Donald Trump's Attacks On Barack Obama Will Likely Backfire, Columnist Says

In a Monday op-ed for The Washington Post, Pulitzer Prize-winning columnist Eugene Robinson suggested that Donald Trump's recent attacks on former President Barack Obama "reek of panic" and are likely to backfire.

Robinson highlighted the precarious position the Republican Party is in as they face the possibility of losing the presidency and the Senate in November. He then noted that Obama has an "unprecedented ability" to push black Americans to vote in "tidal-wave numbers."

"I'm not going out on a limb by positing that there is a unique and enduring bond between African American voters and the first African American president," Robinson wrote.

"When Trump yells 'Obamagate!,' he's strengthening that bond, not weakening it, and motivating black voters to turn out in the fall for Obama's loyal wingman, Biden."
Although Robinson notes that some analysts believe Trump is playing the long game with his attacks on Obama, he remains unconvinced. Instead, Robinson says, Trump's attacks bear a closer resemblance to his tendency to "drag opponents down to his level." Robinson pointed to the similar tactic deployed on Joe Biden by attacking his son, Hunter, which he believes was a strategy that arose from the president's inability to compete with the former vice president on integrity, ideas, or performance.

Robinson also noted that Biden's biggest challenge would be drawing in not just black voters from Obama's coalition but other minorities, women, young people, and urbanites.

"Polls indicate that Biden is already doing just fine with these Democratic constituencies — and history suggests that bringing Obama into the race will only help Biden do better," he said.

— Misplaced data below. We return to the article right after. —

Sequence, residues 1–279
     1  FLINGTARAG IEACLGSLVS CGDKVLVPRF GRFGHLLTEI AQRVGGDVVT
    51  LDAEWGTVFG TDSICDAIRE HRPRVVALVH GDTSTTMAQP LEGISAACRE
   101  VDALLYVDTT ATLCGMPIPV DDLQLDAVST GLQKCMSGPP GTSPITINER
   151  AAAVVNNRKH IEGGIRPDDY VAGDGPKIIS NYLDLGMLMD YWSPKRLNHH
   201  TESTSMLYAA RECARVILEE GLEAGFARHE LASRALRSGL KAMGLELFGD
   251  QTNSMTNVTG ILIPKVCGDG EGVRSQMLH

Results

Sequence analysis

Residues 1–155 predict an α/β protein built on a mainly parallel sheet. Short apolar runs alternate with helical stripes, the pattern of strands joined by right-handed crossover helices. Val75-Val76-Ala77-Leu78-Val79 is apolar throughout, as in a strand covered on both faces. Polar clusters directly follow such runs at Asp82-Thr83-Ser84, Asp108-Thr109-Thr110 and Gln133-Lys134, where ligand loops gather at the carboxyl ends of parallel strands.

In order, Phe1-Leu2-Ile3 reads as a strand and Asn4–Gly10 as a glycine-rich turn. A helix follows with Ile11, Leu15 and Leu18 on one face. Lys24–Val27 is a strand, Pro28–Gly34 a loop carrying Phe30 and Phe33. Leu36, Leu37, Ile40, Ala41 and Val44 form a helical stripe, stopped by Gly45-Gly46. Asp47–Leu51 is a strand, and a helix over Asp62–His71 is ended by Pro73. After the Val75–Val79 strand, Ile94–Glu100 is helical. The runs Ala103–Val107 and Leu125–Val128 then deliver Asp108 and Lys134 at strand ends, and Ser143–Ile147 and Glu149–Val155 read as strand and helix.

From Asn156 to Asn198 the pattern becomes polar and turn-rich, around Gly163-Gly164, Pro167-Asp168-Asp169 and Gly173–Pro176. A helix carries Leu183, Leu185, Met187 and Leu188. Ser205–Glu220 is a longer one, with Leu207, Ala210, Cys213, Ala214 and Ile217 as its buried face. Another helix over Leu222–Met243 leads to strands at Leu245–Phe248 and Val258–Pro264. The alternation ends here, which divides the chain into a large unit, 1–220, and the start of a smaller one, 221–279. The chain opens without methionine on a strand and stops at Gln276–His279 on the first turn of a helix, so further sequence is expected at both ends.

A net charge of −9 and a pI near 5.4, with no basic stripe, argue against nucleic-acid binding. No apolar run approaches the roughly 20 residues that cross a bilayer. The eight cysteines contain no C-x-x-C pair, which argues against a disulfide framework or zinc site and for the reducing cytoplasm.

As reported by Business Insider, Trump is allegedly taking aim at Obama to decrease his power as a Biden campaign surrogate. This approach is reportedly aligned with his party's attempts to create a "political storm aimed at engulfing Biden" to help the president's chances in November as he faces criticism for his handling of the coronavirus pandemic. According to two people involved in Trump's reelection campaign, Obamagate, in particular, is designed to weaken both Biden and Obama, the latter of whom recently tested exceptionally well in a Republican National Committee poll of voters in 17 battleground states.

A recent Politico/Morning Consult poll revealed that the majority of Americans believe Obama would have handled the pandemic more effectively than Trump. Specifically, 52 percent of the 1,990 respondents said Obama would have performed better, while just 38 percent said Trump would have. In addition, the poll found that approval of Trump's handling of the pandemic continues to wane, which doesn't bode well for his reelection chances.